Curing salt’s role is to prevent food-borne illness and spoilage by killing microbes in the food it is used to preserve. The sodium nitrate it contains breaks down into sodium nitrite, which draws out the moisture that the bacteria need to survive. While the different types of curing salt are very effective for preservation, there are times when you may need a substitute. You may unable to find curing salt in stores near you or maybe you prefer to cure your meat without the use of nitrates. In either case, consider the alternatives below.
Your best bet: Saltpeter
Saltpeter is another name for potassium nitrate. The first known purification process for potassium nitrate was documented in the year 1270 by chemist Hasan al Rammah. He intended it for use in explosive weaponry, but saltpeter was also found to be effective for preserving foods. It has been used meat preservative since the Middle Ages. In African cultures, it is used both as a thickening agent and as a meat tenderizer. In the modern era, saltpeter’s use as a preservative was largely discontinued due to inconsistent results; however, it should be more than adequate for the modern home cook’s meat preservation needs.
Like curing salt, saltpeter works by drawing moisture out of cells via osmosis. It does this both to the cells of the meat and the cells of any bacteria in the meat, which kills the bacteria. In other words, it provides the same preservative benefits as curing salt.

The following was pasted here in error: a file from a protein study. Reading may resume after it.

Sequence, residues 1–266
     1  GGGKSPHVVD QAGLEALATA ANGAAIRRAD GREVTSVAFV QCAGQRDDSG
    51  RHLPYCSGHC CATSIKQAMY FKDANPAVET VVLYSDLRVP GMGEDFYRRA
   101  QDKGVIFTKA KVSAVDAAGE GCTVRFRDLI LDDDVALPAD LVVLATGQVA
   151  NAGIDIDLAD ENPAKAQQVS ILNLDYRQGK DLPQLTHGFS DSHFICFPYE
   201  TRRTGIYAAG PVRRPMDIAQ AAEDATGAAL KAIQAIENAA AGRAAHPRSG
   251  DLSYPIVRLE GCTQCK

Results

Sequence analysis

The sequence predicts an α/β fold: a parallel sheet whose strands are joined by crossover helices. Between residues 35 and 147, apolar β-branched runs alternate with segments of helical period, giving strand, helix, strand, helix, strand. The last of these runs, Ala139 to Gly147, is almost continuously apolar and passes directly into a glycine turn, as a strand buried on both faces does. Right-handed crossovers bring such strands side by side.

Use saltpeter as a substitute for the Prague powder 1 type of curing salt. This type is used to cure meats that will be cooked later on.
A decent second choice: Non-iodized sea salt
You do not need nitrates to cure your meat. It can be done with simple sea salt, which will also have the desired effect of drawing water out of cells. This could be done with any kind of salt, but experts recommend avoiding iodized salt. While iodized salt would still have the desired effect, the iodine it contains can give the cured meat an unpleasant taste. In addition, table salt may have anti-caking agents that may affect the taste or leave a sediment in the brining liquid.
Note that if you decide to use a nitrate-free cure, you should recognize that there is an increased risk from pathogens when consuming the cured meat. You may also want to shorten the curing time to limit bacterial growth.
Meat cured with sea salt and smoked will not have the characteristic pink color of meat cured with nitrates, but it will have a similar flavor.
Sea salt can be used as a substitute for both the Prague powder 1 and the Prague powder 2 types of curing salt.
In a pinch: Celery juice or powder
Celery juice or powdered celery juice are both used in commercially made nitrate-free cured meats. This is done so that manufacturers can label their products as nitrate-free. Celery juice is used because it naturally contains high levels of nitrates but the FDA recognizes it only as a flavoring additive, which is why the nitrate-free claim can be made. In any case, you can use celery juice or powdered celery juice as a substitute for curing salt. Note that this method of curing is imprecise since it is impossible to tell how high the nitrate content is without testing the meat in which the celery juice is used.
Use either form of celery juice in place of Prague powder 1 curing salt.
Kosher salt is usually non-iodized, which means that it should be able to cure meat without leaving an off-taste due to the presence of iodine. Of course, the risks when using are still the same as with any nitrate-free cure.